9. References?include your references if asked to do so. Don't waste space on the resume if you aren't required to provide them.  If you are called in for an interview, you will probably be required to fill out the company's standard job application which typically includes a reference section.  

        Additional comments regarding references:  

        ASK each reference for permission to use their name and provide some insight regarding the type of position you are seeking and give your reference examples of the skill sets you would like to have highlighted during a reference call.  

        Thank your references for their help in advance and after you have secured a position be sure to send a thank you note and provide information regarding your new job. You may want (or need) to use these people as references again in the future.

Resume Distribution?Methods

Overview: In today's market, you will need more than one resume to conduct a successful job search because you will probably need to utilize several methods of distributing your resume. ALWAYS submit your resume in the format requested by the prospective employer.   

  1. Broadcast mailings?A broadcast mailing means that you are sending your unsolicited resume to a company. If you utilize the Internet to research companies, you should be able to determine which company officer should receive your resume.  You can typically get officer information from a company's home page, however there are sites like Hoover??s, Forbes, and Fortune that profile companies and their officers.

    Your resume should be visually appealing and printed on high-quality paper, mailed in a #10 envelope. The cover letter should be addressed to the proper person, personalized, and hand-signed. You need to make a copy of the letter for your files so you can refer to it when you speak with the prospective employer.
     

  2. Responding to print ads--Follow directions. Companies may request that you mail your resume, submit it via e-mail as an attachment, submit it as part of the text in an e-mail, etc.

    Whatever method you use, make sure you have shifted the focus of your resume and cover letter to show that you have the skills needed to fill the requirements of the position.
     

  3. Internet job sites?although this is not my area of expertise, there are a couple of things to remember about online sites.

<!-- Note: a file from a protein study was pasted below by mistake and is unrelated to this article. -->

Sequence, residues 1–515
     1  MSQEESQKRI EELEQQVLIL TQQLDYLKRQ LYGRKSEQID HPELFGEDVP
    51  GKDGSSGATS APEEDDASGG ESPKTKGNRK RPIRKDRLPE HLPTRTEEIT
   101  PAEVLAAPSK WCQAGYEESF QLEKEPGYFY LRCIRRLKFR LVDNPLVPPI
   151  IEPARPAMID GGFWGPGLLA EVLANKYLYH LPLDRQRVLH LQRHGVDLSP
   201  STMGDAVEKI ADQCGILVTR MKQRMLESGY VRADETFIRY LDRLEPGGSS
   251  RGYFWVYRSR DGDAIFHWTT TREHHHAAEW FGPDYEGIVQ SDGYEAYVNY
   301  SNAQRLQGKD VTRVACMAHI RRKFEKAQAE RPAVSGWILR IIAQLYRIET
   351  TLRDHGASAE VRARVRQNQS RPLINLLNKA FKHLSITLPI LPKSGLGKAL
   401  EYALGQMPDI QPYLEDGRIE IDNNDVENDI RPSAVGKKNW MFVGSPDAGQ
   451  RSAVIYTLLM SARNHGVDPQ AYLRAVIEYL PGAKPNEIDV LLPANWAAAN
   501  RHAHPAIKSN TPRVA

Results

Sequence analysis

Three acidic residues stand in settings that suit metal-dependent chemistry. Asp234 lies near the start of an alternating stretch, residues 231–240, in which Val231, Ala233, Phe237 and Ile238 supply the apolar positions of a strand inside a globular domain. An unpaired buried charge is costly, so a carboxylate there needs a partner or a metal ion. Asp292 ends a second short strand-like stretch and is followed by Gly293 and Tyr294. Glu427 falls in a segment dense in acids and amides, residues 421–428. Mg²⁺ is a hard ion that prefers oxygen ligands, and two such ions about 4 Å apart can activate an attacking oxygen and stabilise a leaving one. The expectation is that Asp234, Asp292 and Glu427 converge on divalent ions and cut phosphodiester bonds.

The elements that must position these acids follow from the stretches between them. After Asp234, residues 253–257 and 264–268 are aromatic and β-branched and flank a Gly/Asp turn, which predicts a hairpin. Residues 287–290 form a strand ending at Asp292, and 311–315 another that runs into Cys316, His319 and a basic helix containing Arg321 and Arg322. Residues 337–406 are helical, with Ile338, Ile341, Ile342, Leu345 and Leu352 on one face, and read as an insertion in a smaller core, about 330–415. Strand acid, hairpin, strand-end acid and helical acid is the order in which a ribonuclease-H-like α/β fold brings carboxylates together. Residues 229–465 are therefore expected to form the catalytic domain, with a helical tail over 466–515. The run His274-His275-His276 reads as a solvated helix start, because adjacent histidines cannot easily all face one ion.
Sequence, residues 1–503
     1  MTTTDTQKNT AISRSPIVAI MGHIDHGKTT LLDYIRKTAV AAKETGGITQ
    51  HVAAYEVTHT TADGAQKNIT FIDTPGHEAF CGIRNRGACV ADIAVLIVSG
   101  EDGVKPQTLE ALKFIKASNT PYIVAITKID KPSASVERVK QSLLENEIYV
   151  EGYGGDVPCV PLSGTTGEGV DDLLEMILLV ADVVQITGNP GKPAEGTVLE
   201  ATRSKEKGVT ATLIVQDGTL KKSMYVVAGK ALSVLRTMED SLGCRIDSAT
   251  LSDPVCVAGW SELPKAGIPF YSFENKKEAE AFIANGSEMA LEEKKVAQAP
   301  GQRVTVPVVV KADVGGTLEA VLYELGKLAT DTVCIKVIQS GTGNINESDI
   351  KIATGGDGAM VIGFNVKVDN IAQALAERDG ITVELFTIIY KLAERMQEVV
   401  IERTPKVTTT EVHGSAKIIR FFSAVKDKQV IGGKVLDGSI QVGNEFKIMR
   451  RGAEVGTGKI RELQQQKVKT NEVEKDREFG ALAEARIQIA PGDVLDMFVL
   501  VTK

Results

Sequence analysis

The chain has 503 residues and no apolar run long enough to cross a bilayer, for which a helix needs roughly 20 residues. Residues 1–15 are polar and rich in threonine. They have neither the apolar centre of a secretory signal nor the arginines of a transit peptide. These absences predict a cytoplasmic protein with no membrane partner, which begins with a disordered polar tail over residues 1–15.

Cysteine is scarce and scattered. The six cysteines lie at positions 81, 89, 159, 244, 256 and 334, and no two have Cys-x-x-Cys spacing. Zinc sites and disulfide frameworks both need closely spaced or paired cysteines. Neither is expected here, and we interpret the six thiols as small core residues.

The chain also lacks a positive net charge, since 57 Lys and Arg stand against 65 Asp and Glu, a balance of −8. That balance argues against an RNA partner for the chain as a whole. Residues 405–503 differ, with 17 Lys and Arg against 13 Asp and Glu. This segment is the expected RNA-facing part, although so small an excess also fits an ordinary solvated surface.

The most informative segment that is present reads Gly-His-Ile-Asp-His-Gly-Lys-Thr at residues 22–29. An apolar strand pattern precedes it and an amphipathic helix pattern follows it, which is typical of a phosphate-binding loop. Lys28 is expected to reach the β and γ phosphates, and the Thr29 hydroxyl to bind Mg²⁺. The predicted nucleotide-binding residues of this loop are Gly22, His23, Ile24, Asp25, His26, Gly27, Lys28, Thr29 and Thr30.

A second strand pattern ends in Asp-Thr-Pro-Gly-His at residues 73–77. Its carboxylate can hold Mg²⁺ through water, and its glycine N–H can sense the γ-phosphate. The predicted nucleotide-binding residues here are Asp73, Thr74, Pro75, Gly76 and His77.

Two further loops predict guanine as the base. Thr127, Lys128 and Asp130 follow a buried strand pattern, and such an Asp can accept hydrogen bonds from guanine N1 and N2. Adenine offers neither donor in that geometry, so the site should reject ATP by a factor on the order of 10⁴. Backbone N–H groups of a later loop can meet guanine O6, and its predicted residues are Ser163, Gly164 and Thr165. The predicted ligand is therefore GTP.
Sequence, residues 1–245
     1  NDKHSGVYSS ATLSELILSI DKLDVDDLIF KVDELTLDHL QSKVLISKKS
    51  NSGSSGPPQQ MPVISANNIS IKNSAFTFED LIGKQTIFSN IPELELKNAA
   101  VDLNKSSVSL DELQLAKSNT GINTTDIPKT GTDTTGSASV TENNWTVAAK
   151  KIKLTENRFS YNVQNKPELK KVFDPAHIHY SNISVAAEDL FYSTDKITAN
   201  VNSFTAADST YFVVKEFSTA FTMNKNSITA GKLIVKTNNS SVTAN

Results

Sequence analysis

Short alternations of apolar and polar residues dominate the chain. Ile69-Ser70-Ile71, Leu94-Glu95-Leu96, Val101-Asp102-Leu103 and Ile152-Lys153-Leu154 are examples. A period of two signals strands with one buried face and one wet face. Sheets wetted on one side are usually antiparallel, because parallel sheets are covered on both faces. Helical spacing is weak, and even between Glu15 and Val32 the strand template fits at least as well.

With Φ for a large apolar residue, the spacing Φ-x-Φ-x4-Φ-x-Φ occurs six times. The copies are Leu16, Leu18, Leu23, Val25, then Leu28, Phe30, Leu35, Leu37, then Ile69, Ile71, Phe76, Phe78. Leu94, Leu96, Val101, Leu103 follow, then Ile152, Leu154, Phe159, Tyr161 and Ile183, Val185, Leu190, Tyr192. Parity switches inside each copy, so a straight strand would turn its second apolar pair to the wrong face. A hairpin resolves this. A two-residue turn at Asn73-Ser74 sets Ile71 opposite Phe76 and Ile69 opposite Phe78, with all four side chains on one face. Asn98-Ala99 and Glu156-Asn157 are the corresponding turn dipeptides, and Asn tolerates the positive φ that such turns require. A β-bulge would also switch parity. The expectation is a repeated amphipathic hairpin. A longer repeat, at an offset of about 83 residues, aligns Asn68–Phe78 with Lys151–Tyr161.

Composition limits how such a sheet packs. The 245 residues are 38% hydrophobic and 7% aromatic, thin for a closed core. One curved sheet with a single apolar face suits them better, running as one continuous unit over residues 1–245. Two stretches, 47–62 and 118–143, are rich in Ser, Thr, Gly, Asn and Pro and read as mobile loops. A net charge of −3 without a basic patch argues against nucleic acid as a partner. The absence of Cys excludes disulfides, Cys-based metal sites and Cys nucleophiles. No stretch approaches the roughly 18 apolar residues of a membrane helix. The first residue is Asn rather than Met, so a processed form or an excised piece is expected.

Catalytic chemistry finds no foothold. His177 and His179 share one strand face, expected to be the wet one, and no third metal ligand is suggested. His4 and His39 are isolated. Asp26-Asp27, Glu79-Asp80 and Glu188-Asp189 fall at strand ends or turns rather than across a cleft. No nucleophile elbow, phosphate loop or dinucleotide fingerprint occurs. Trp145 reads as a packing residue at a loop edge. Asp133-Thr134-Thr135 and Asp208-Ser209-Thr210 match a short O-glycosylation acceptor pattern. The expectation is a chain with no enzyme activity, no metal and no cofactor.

1. Update your online resume daily?you only need to change a word or two. If I understand how most of the sites like Monster and Headhunter prioritize search results, the resumes with the most current posting date will appear first. If you make a slight change to your resume every day, it should always be fresh and appear in the "most current" search results.
       
    2. NEVER give out your social security number or other information in response to an e-mail inquiry for additional information unless you have credible information that the inquiry is valid. Identity theft is rampant and if you become a victim, the time you can spend conducting your job search will be significantly reduced by the amount of time you'll have to spend trying to resolve all of the issues associated with protecting your credit, etc.
       
  4. Networking?Learn how to network now and continue to refine your networking skills throughout your career. I personally feel this may be one of the best methods for college graduates to beat the odds in today's market.  Networking is not calling your father's business associate and asking for a job?it is learning how to build a broad base of contacts who understand what you're looking for and what you have to offer. Family members can certainly be included in your networking circle, but you need to enlarge the circle quickly. A few tips:
     
    1. Join an association, club, or volunteer organization.
       
    2. Leverage your current relationships?if you are an assistant camp counselor, get to know the kids' parents and when the time is right, say something like "You know, Mrs. Dundee, I just graduated from college. I know you work for ABC Corporation and have a lot more contacts in the business community than I do. If you hear of an opening for an Account Manager, Financial Analyst (whatever your desired position is), I would certainly appreciate it if you would let me know." Mrs. Dundee may not know of any openings today, but you will be the first person she thinks of when she hears about an opening!
       
    3. If you hear about a position from a friend of a friend, do not use the friend's name when sending your resume to the company UNLESS you have permission to do so. Why? The repercussions may be detrimental to the person whose name you are using. The information regarding the position may have been intended to be confidential; the opening may not yet be a real opening (as in: the person in that position may not know they no longer have a job), etc. Drafting a cover letter that says "Mary Jones told me you had an opening in your HR department for a generalist" could mean instant dismissal for Mary Jones. The flip side of this scenario is that if you have a friend who will willing to hand your resume to the right person, then by all means use your friend's name. "John Smith offered to submit my resume to you for consideration for the HR generalist position....."
       
    4. Cover letters should be short, do not repeat the resume.